• Refer patients to a dietitian and a physical activity program
  • Provide pre-conception advice to women with a history of gestational diabetes
AUSDRISK, Australian type 2 diabetes risk assessment tool

The RACGP and Diabetes Australia’s publication General practice management of type 2 diabetes – 2016–18 provides guidance for the management of patients diagnosed with T2D.

References

  1. National Health and Medical Research Council. National evidence based guidelines for case detection and diagnosis of type 2 diabetes. Canberra: NHMRC, 2009.
  2. Iseki K, Ikemiya Y, Iseki C, Takishita S. Proteinuria and the risk of developing end-stage renal disease. Kidney Int 2003;63:1468–74.
  3. Colagiuri S, Davies D, Girgis S, Colagiuri R. National evidence based guideline for case detection and diagnosis of type 2 diabetes. Canberra: Diabetes Australia and the National Health and Medical Research Council, 2009.
  4. Siu AL. Screening for abnormal blood glucose and type 2 diabetes mellitus: US Preventive Services Task Force recommendation statement. Ann Intern Med 2015;163(11):861–68.
  5. d’Emden MC, Shaw JE, Jones GR, Cheung NW. Guidance concerning the use of glycated haemoglobin (HbA1c) for the diagnosis of diabetes mellitus. Med J Aust 2015;203(2):89–90.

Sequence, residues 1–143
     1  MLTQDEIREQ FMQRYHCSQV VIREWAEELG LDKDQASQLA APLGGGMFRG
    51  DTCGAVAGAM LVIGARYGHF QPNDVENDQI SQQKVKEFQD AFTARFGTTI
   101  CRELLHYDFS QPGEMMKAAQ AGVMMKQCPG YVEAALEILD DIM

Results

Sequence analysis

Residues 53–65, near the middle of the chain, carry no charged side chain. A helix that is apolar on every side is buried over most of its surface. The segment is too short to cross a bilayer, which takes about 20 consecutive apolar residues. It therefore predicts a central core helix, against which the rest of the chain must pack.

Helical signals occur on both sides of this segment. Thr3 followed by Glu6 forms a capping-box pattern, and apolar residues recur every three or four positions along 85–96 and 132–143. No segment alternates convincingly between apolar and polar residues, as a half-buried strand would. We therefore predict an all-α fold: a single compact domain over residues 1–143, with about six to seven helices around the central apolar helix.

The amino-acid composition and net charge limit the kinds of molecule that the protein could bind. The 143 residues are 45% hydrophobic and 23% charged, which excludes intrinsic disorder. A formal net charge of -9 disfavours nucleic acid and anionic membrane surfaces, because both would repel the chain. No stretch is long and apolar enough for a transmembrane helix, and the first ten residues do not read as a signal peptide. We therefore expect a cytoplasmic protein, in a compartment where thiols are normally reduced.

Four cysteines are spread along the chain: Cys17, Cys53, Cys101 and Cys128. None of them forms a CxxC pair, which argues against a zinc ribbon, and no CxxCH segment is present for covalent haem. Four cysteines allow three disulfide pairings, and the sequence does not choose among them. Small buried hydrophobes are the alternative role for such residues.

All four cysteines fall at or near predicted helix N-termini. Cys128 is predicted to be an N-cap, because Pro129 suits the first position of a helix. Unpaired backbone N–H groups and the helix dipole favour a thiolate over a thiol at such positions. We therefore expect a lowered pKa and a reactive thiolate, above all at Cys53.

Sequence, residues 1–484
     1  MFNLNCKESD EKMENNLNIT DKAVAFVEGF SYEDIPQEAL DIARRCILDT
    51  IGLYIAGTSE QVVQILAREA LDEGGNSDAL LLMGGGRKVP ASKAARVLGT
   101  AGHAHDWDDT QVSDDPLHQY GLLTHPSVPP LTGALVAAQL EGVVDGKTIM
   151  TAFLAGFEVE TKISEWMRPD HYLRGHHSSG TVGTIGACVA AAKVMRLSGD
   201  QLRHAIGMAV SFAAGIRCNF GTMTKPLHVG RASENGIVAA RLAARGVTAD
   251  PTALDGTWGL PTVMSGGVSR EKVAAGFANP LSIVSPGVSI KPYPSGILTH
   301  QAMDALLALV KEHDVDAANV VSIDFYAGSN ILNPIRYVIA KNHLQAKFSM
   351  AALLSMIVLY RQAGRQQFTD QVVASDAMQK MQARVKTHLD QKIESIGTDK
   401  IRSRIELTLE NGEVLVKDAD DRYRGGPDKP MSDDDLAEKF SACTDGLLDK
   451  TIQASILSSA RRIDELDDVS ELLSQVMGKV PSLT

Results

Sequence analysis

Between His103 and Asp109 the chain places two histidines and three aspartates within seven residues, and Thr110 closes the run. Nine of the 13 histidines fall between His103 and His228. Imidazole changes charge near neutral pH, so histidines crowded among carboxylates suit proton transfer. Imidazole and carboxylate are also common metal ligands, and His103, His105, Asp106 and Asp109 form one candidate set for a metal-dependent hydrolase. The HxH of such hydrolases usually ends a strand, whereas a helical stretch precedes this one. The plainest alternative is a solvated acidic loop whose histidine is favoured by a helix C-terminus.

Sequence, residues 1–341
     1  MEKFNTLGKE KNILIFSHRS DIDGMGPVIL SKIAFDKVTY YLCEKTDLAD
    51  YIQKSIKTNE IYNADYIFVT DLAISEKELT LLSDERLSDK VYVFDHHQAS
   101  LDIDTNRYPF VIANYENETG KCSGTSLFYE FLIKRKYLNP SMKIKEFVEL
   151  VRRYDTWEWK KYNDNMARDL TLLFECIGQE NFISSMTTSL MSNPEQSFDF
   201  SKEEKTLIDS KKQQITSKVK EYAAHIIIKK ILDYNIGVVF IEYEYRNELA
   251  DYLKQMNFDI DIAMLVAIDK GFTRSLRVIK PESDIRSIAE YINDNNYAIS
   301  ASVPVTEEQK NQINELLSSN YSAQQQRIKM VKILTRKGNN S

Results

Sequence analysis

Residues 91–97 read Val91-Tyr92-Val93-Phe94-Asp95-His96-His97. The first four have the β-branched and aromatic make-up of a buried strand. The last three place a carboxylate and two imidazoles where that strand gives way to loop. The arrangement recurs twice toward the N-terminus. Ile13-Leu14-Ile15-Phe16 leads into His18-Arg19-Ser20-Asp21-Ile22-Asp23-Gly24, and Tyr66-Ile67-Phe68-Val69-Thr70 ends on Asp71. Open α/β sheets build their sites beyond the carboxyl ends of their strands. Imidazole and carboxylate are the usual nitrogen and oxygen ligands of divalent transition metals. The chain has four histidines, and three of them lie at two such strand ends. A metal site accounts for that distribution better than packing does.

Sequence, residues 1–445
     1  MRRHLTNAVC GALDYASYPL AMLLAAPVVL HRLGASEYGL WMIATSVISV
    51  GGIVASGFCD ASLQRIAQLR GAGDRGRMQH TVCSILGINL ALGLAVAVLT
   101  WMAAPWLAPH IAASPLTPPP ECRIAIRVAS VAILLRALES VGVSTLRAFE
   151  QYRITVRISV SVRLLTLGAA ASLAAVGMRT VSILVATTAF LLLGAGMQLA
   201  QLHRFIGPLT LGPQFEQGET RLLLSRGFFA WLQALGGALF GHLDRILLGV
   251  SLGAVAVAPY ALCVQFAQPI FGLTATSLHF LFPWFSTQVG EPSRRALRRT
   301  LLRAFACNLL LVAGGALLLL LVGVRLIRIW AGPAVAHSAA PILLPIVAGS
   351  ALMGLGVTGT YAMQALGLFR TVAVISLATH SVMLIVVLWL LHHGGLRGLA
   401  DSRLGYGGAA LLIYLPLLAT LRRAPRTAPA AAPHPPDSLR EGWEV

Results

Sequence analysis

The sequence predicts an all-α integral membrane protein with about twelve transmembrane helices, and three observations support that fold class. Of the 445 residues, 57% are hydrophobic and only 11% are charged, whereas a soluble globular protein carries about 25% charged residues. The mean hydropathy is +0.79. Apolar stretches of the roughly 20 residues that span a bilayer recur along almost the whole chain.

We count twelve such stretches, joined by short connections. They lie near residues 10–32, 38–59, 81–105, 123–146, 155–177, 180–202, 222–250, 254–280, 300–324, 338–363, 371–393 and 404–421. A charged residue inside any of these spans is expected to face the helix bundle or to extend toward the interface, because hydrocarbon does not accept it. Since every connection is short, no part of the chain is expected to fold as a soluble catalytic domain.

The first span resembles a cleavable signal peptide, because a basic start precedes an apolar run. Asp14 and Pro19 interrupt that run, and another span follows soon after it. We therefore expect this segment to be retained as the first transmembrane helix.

6. World Health Organization. Report of a World Health Organization Consultation – Use of glycated haemoglobin (HbA1c) in the diagnosis of diabetes mellitus. Diabetes Res Clin Pract 2011;93:299–309.
  7. Knowler WC, Barrett-Connor E, Fowler S, et al. Reduction in the incidence of type 2 diabetes with lifestyle intervention or metformin. N Eng J Med 2002;346:393–403.
  8. Pan X, Li G, Hu Y, et al. Effects of diet and exercise in preventing NIDDM in people with impaired glucose tolerence: The Da Qing IGT and Diabetes Study. Diabetes Care 1997;20:537–44.
  9. Tuomilehto J, Lindstrom J, Eriksson J, et al. Prevention of type 2 diabetes melllitus by changes in lifestyle among subjects with impaired glucose tolerance. N Eng J Med 2001;344:1343–50.
  10. Williamson DF, Vinicor F, Bowman BA. Primary prevention of type 2 diabetes mellitus by lifestyle intervention: Implications for health policy. Ann Intern Med 2004;140(11):951–57.